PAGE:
Double-strike is an excellent game-accelerant for a commander as scalable as ours, but finding that keyword on a piece of equipment is rare, and those pieces of equipment are not very well-costed. As a result, I've looked in other places for double strike. Duelist's Heritage is an enchantment that can grant double strike without the risk of getting two-for-one'd that comes with using an Aura (it also doubles as a political tool). Arashin Foremost takes advantage of the fact that creature type updates have made Dakkon a Human Warrior. The commander and the Foremost are both wonderful candidates to wield our Sword of Feast and Famine.
As artifact-centric as our deck has become, it's only reasonable that we include a few cards to search for artifacts. At three mana, Fabricate does this with reasonable efficiency. There's also Inventors' Fair, which is essentially Fabricate on a land. Finally, we have Whir of Invention, an artifact tutor that we can reduce the cost of by tapping our artifacts. This is especially useful with all the equipment in our deck, since being tapped has no bearing on the effectiveness of equipment.
I continue to opine that Trinket Mage, with his ability to search for artifacts with converted mana cost one or less, is an excellent utility card. I've tweaked our deck slightly to take advantage of his flexibility. Wayfarer's Bauble and Expedition Map were already present, being one-mana artifacts that secure us more lands. While most of our ramp is trying to be land-ramp, including Sol Ring seems like a no-brainer, especially when our other ramp is so expensive. Codex Shredder acts as an unconditional recursion effect, in a color combination with fewer recursion options than green would afford us. Sensei's Divining Top, plenty good on its own, has further synergy with our numerous effects that put lands from the top of our library onto the battlefield.
In this land-themed deck, I would be remiss not to include a selection of awesome utility lands. Multiple lands grant evasion in one form or another: Soaring Seacliff lets Dakkon leap over a crowd, Sejiri Steppe lets him push through, and Rogue's Passage lets him sneak around.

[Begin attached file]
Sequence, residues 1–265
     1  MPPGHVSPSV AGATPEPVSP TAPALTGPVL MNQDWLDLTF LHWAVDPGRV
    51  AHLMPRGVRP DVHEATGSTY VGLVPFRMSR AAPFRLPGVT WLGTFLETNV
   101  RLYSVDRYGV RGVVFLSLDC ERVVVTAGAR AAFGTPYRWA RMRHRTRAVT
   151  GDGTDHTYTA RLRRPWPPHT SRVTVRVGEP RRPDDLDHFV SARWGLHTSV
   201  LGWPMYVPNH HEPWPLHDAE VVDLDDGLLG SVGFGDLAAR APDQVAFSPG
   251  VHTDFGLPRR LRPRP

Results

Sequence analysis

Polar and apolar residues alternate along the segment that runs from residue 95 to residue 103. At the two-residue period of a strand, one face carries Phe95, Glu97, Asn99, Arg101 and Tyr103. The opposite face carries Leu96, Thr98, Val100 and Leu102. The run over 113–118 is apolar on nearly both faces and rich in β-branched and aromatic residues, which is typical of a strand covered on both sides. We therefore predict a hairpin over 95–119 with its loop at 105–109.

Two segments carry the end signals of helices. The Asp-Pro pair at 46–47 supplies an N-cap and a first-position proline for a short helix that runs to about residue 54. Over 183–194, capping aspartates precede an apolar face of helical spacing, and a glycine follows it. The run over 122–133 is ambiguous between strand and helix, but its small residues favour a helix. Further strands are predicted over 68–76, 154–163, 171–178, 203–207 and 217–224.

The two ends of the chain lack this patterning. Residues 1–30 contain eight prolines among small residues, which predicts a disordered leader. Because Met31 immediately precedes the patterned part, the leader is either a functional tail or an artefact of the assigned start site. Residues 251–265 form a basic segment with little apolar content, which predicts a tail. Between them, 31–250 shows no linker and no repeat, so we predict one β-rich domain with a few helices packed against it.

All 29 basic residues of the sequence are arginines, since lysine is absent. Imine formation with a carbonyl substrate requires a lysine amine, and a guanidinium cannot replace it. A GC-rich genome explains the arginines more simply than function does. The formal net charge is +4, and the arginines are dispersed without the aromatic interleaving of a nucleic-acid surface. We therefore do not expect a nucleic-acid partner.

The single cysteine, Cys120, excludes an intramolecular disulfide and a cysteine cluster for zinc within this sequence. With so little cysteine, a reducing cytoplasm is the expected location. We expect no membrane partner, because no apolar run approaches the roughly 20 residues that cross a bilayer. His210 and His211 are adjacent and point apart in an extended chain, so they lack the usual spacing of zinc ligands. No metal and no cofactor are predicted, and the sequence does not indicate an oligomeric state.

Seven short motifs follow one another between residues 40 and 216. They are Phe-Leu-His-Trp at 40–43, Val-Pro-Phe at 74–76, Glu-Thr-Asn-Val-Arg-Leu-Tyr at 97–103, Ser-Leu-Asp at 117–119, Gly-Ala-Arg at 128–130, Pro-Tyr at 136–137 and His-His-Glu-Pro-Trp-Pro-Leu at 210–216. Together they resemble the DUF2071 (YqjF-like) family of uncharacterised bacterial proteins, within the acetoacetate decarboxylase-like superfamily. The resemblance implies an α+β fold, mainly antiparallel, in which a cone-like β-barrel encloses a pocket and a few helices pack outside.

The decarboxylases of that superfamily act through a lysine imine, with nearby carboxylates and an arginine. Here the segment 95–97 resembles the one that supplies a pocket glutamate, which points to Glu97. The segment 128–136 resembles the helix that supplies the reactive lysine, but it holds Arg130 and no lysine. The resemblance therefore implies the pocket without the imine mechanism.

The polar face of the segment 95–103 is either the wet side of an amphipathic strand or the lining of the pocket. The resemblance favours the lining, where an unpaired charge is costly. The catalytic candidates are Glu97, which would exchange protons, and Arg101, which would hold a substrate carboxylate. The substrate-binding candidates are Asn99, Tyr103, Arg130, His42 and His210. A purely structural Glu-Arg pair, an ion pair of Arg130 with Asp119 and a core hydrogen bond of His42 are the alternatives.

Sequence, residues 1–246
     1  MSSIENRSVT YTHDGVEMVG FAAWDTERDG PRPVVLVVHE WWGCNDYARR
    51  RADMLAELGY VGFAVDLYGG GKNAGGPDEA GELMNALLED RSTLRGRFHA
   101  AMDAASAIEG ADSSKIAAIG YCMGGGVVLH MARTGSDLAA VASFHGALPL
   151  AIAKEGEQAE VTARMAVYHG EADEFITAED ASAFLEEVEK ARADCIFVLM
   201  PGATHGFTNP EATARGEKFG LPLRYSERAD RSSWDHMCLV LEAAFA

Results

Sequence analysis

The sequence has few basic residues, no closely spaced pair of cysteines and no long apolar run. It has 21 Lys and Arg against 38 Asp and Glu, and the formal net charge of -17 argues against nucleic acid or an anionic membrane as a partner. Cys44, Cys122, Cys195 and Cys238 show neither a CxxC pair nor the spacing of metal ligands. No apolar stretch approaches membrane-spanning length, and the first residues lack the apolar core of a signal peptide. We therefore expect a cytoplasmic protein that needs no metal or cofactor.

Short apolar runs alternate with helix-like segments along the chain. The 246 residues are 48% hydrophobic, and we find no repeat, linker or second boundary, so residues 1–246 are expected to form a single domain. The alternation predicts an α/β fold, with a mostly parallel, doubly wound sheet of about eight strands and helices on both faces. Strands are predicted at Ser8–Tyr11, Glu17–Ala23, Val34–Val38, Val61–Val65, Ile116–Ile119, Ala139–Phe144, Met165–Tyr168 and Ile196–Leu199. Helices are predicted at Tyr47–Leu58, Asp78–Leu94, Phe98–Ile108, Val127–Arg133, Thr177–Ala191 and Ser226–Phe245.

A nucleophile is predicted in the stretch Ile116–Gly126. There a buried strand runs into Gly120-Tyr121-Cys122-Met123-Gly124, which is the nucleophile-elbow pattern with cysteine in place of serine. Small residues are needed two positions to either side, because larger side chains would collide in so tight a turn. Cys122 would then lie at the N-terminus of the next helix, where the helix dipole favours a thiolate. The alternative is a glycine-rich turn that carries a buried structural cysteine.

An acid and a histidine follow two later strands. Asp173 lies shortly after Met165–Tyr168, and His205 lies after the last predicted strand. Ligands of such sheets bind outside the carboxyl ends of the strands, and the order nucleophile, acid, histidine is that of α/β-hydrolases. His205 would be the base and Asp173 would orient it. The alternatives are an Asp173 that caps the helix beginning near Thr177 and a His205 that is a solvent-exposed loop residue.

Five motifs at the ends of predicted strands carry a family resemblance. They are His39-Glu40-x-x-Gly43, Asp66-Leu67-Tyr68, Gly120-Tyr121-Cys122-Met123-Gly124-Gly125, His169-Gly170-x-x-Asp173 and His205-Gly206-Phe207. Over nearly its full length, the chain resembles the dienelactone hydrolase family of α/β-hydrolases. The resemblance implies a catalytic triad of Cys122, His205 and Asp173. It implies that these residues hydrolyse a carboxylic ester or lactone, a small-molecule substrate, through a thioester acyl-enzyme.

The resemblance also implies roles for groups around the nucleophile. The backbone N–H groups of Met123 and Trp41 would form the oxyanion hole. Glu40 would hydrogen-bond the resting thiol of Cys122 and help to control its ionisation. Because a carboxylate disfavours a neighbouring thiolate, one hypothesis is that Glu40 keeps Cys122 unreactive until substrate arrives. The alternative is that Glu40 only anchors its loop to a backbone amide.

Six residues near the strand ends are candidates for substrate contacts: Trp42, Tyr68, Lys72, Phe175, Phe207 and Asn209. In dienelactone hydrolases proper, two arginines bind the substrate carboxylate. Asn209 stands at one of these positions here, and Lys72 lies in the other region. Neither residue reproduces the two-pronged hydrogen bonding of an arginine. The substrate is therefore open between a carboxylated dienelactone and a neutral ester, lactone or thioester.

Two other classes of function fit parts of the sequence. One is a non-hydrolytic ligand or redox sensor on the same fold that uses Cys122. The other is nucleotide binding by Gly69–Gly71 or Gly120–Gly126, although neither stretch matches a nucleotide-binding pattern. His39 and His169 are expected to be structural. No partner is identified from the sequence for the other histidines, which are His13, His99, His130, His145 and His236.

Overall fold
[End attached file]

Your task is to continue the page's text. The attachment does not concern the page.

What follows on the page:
Bojuka Bog is an auto-include in almost any black deck, as graveyard hate is a disproportionately powerful effect against the right decks. We have Terrain Generator, which sits alongside Myriad Landscape as one of the few lands that is itself capable of putting more lands onto the battlefield. Then, for obscene amounts of ramp, we're playing the classic Cabal Coffers / Urborg combo. Urborg makes all lands swamps, and Cabal Coffers taps for one black mana per swamp we control. With no fewer than three tutors capable of retrieving lands, I expect we can reliably bring these two buddies together.
Thank you all for joining us on what is somehow our second obscure land-based deck in a color combination that includes at least blue. I hope you've enjoyed this rare venture of Bryce reaching a hand into Legends and pulling out a workable legendary creature. Care to suggest commanders for future Commanding Respect articles? I'd love to hear from you on Twitter: just track down @Walking_Atlas.You can find my other work at edhrec.com And remember: you can command any deck you want, as long as you command respect.